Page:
A - Alpha B - Bravo C - Charlie
D - Delta E - Echo F - Foxtrot
G - Golf H - Hotel I - India
J - Juliet K - Kilo L - Lima
M - Mike N - November O - Oscar
P - Papa Q - Quebec R - Romeo
S - Sierra T - Tango U - Uniform
V - Victor W - Whiskey X - X-Ray Y - Yankee
Z - Zulu
DX Countries Statistics
DX from the following countries have been heard over the past month.
AFGHANISTAN, ANGOLA, ANTIGUA AND BARBUDA, BENIN, BERMUDA, BHUTAN,BURUNDI, CAMBODIA, CAMEROON, CAYMAN ISLANDS, COTE IVOIRE, DOMINICA, EQUATORIAL GUINEA, ETHIOPIA, FRENCH POLYNESIA, GREENLAND, GUINEA, KENYA, KIRIBATI, LAO PEOPLES DEMOCRATIC REPUBLIC, LIBERIA, MACAU, MADAGASCAR, MALAWI, MALDIVES, MALI, MARSHALL ISLANDS, MICRONESIA, MONTENEGRO, MONTSERRAT, NEPAL, NEW CALEDONIA, NORTHERN MARIANA ISLANDS, PAPUA NEW GUINEA, SAINT HELENA, SAINT KITTS AND NEVIS, SAINT VINCENT AND THE GRENADINES, SOMALIA, SWAZILAND, TANZANIA, TOGO, UGANDA, UZBEKISTAN, VIET NAM, ZAMBIA, ZIMBABWE
Use the Support Ticket System
We have a 24 hour support ticket system where you can get support regarding anything about HamSphere.
Hello and welcome to my new group DJin In The BC Band! The basics of this group are for HamSphere operators only who have the love for listening or transmitting your very own broadcast show on HamSphere in the BC Band. This is allowed only in the BC Band. I personally have been "experimenting" with such broadcasts over the last year or so, which I find it to be very rewarding trying to achieve that perfect sound while slowly building dedicated listeners. I see this as a great opportunity which I would like to get more users involved with.
As our group grows, I am looking forward to helping you set up your broadcast station! Remember it's all in the name of having fun while getting others interested and involved. I plan to start making videos of "how-to" get started along with my procedures on how to directly feed audio through the radio transmitter and at the same time monitor your very own broadcast on how you're actually sounding over the airways! I determined as more operators wish to give it a try that we all need to think up a universal frequency chart/time so that we can figure out who will be broadcasting on what frequency at what UTC times. I have been using 06.225.00 MHz for some time now which I would like to share. It's somewhat been branded as my " DX POWER HOUR OF MUSIC " freq.,but in reality I do not own it. You're more than welcome to use it.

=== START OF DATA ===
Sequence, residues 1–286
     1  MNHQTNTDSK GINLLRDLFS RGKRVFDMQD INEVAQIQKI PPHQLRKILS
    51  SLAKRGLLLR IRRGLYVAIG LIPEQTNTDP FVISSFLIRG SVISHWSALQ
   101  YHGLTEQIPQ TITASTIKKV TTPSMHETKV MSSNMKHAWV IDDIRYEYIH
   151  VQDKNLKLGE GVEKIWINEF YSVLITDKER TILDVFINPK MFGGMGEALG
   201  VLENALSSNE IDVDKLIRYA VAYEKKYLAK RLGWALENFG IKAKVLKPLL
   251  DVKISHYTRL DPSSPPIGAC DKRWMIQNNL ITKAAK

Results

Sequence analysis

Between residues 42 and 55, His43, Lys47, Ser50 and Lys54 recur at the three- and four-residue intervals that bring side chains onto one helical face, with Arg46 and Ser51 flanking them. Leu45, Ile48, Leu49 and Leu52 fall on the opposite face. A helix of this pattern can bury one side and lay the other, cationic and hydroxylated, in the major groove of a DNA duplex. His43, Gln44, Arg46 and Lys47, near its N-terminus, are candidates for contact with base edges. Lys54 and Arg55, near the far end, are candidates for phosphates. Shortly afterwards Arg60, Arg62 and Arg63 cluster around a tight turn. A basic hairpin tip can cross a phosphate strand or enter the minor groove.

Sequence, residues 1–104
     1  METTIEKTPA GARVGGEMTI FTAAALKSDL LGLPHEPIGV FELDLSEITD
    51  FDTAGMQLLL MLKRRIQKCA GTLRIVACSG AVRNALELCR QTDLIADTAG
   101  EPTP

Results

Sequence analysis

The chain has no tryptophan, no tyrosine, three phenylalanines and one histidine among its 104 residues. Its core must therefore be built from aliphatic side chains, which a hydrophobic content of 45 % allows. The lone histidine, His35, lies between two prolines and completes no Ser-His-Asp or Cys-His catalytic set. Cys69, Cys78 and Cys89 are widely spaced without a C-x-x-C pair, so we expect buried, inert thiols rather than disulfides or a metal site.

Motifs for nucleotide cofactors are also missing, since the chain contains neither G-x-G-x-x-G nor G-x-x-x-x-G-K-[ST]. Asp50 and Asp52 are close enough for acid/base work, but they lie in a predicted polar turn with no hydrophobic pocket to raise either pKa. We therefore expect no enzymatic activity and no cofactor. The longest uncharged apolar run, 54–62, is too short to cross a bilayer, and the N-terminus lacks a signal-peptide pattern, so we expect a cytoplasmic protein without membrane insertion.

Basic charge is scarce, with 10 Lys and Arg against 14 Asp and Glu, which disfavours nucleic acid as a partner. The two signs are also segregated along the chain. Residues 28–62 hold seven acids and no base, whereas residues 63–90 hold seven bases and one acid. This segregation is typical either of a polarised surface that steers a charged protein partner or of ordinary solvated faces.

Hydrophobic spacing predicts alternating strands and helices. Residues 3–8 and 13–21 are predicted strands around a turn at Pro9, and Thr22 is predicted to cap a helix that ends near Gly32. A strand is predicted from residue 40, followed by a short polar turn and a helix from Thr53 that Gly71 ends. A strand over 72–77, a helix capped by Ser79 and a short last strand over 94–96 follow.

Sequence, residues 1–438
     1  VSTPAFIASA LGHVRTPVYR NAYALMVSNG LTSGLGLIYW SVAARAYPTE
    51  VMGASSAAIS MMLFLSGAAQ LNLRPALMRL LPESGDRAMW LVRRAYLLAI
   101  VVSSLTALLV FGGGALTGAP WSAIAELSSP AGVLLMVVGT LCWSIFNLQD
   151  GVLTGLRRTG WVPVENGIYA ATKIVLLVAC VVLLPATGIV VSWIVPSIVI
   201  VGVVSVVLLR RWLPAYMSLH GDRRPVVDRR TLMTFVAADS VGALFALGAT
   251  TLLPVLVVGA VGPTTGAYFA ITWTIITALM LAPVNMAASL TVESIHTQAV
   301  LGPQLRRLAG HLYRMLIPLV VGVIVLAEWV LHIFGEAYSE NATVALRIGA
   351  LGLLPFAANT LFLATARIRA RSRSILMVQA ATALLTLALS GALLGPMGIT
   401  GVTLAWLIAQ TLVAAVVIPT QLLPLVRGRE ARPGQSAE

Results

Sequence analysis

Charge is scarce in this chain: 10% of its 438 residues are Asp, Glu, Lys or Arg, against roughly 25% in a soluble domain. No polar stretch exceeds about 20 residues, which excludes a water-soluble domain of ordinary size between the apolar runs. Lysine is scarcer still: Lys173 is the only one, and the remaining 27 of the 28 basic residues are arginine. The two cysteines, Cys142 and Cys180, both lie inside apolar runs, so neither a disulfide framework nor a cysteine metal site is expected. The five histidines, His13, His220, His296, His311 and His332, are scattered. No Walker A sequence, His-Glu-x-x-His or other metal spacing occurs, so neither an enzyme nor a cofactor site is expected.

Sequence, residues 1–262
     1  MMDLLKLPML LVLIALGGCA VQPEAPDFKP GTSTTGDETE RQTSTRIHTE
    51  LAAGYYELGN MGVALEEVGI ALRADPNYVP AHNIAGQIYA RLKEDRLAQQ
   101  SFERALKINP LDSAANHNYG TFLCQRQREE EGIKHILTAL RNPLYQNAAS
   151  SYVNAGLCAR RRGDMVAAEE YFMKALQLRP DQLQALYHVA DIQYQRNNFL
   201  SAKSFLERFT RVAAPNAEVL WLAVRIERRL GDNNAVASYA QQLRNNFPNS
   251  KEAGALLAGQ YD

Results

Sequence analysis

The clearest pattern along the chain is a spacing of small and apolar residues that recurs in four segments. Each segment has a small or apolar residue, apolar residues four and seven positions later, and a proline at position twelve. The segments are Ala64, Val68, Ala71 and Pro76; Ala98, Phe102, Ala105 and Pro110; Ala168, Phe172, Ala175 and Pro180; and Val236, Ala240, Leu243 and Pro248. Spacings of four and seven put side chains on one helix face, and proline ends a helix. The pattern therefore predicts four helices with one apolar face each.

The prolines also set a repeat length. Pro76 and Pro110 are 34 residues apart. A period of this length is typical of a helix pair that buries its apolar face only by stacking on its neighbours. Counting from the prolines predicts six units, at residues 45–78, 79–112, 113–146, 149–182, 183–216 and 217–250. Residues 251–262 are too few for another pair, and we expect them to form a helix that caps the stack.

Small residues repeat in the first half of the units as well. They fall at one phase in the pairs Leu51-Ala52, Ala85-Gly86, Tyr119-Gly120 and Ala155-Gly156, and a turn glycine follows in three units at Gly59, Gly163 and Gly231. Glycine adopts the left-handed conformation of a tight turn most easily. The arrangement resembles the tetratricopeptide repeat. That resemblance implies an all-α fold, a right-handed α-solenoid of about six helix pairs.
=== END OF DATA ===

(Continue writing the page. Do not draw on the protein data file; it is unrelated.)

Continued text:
As far as members posting info and pics I kindly ask all to keep the material clean and within the group's subject - which is anything related to broadcasting within the 48 meter BC Band for the HamSphere program. That's pretty much it for now, I'm certain I will be adding more docs/files as we grow! Happy DJin for now, my friends ... 73 from KC3AZT Steve:)
Sept 22 2013 @ 1500hrs UTC local time/3pm EST/BC BAND 06.225.00mhz / Original Recordings Wolf Man Jack Show
Sept 29 2013 @ 1500hrs UTC local time/3pm EST/BC BAND 06.225.00mhz / Original Recordings Of Wolf Man Jack Show
Oct 11 2013 @ 1800hrs UTC local time/6pm EST/BC BAND 06.225.00mhz / Original Recordings Wolf Man Jack Show
Oct 19 2013 @ 1400hrs UTC local time/2pm EST/BC BAND 06.225.00mhz / Original Recordings Wolf Man Jack Show
Oct 19 2013 @ 1800hrs UTC local time/6pm EST/BC BAND 06.225.00mhz / In Search Of Wolf Man Jack
Oct 27 2013 @ 1400hrs UTC local time/2pm EST/BC BAND 06.225.00mhz / In search and Original Recordings Of Wolf Man Jack
Starting Sept 14th every Sat @ 1800 UTC BC BAND 06.250.00 MHz / 1 hr bc / pop-rock dj beat style
HamSphere hereby informs you about the risks of using software like "TeamViewer" or "Remote Desktop" where you let someone else into your computer. Although remotely controlled desktops may be the very last resort for some operators in desperate need of technical support, we strongly advise our users to think twice before turning over your computer to someone else that you perhaps don't know anything about. Once you give someone access to your computer, they can do anything "posing" as you.
Thank you for your interest and your continued Support.
Finally, on a more personal note, I'd like to share a video documentary with you that I made in 2006 about the powerful 500/600 kW Sölvesborgs Shortwave and Hörby Medium wave stations in south Sweden. My friend Håkan Widenstedt who was the technical manager of the stations tragically died two years ago at 57 while working on one of the antennas on the site. RIP Håkan. Here is a link to the documentary: http://vimeo.com/38682048